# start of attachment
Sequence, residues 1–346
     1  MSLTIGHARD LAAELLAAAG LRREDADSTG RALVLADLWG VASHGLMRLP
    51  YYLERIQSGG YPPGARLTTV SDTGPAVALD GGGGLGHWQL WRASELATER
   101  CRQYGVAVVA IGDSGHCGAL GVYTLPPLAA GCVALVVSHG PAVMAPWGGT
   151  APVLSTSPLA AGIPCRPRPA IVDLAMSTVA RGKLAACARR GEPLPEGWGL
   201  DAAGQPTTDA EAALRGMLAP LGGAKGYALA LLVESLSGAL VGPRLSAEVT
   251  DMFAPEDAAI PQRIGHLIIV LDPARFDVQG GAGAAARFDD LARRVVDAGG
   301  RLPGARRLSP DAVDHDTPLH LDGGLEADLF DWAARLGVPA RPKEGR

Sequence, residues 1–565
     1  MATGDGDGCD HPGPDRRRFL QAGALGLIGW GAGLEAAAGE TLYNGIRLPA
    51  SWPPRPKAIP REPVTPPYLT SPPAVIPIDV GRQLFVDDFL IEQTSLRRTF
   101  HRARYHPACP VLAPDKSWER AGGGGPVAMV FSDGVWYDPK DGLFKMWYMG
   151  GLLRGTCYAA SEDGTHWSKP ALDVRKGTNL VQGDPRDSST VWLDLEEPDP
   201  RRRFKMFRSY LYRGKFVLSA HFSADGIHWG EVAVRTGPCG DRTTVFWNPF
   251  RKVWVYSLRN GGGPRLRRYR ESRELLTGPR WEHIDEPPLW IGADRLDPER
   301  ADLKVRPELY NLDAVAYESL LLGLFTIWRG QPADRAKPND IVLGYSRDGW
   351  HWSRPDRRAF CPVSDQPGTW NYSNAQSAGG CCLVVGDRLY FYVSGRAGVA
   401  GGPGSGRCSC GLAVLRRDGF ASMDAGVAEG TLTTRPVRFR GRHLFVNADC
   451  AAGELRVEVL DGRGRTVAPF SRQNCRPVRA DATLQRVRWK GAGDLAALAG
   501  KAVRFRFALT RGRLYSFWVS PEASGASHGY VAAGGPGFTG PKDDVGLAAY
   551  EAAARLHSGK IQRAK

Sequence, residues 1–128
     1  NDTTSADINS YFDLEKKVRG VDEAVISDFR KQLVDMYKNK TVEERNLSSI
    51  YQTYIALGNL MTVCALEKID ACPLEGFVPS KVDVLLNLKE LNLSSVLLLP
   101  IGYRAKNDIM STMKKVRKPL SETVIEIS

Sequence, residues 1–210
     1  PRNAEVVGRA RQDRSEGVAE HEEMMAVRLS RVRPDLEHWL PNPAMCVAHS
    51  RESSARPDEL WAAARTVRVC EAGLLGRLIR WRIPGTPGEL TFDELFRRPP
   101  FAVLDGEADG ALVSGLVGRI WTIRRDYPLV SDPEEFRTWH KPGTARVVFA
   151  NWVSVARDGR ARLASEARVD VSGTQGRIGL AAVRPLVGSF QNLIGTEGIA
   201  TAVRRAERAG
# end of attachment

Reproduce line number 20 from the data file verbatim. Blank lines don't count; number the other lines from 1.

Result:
   501  KAVRFRFALT RGRLYSFWVS PEASGASHGY VAAGGPGFTG PKDDVGLAAY